This homily is based on Matthew 28:16-20 for the Solemnity of the Holy Trinity (and the occasion of Entrance Day for the Jesuits in the Philippines).
Someone posted this photograph on Facebook yesterday. It’s our one and only complete class picture as Jesuit novices taken 28 years ago at Sacred Heart Novitiate. It was probably retrieved from someone’s hard drive because yesterday, the 30th of May, has been for many years now “Entrance Day” for Jesuits in the Philippines: the day when accepted applicants lug their carefully packed suitcases to Sacred Heart Novitiate and say their goodbyes to family and friends as the novitiate gates are shut dramatically. This closing of the doors signals the start of two years of religious formation and relative isolation from the world.
This homily is based on John 20:19-23 for Pentecost Sunday.
There is a mysterious, but beautiful stained glass window in the Oratory of St. Francis Xavier in Nuvali. There are over twenty such windows in that chapel, each one designed by artist Carlo Tanseco, and each one a piece of art in its own right. Every time I walk into the chapel, I never fail to be surprised to find myself suddenly bathed in the light and colors streaming through the windows.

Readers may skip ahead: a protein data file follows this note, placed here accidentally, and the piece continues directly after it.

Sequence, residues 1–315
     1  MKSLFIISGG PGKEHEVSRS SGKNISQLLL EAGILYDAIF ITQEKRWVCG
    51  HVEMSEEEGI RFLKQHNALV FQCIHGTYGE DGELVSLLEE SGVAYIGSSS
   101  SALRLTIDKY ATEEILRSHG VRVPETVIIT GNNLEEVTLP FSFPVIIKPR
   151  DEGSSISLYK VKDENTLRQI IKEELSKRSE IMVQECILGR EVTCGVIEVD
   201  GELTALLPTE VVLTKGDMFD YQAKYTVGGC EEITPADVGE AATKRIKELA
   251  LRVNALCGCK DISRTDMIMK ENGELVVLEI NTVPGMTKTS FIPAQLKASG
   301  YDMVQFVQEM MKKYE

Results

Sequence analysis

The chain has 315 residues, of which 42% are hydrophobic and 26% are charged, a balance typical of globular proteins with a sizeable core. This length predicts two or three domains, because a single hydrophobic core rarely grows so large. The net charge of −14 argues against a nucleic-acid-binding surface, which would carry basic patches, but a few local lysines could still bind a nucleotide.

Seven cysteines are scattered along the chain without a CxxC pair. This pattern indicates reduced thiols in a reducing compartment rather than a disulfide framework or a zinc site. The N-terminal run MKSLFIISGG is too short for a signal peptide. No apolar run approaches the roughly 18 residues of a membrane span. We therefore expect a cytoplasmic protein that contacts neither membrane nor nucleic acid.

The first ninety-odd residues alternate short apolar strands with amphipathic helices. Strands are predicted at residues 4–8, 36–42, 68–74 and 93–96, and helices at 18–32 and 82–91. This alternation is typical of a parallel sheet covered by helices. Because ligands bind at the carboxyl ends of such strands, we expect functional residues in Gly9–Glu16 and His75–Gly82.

Yet there is one particular window that you won’t see unless you go into the reconciliation room, where it is installed behind closed doors. It’s an image as mysterious as it is instructive because it teaches us a couple of valuable lessons about the Holy Spirit in our lives.
This reflection is based on Mark 16:15-20 for the feast of our Lord’s Ascension. (Spoiler alert!)
I needed a break the other day, so I decided to treat myself to the perfect movie. The perfectly mindless movie, that is: “The Avengers: Age of Ultron,” that global blockbuster that features an all-star cast of superheroes plus platinum robot drones, with lots of flying, pummelling, explosions, and every possible CGI trick that technology could pull out of its latest hat.
Just the kind of movie I needed, I told myself at the ticket booth as I opted for the 2D because it’s cheaper and 3D makes me dizzy anyway.
I was ten when I met Jesus, but I was too young to know.
We were on our way to Baguio for the summer, and we had left the house right before sunrise. My parents would take us children there every year to escape the sweltering heat of Manila, and this year was no different. Or so I thought. Continue reading I WAS TEN WHEN I MET JESUS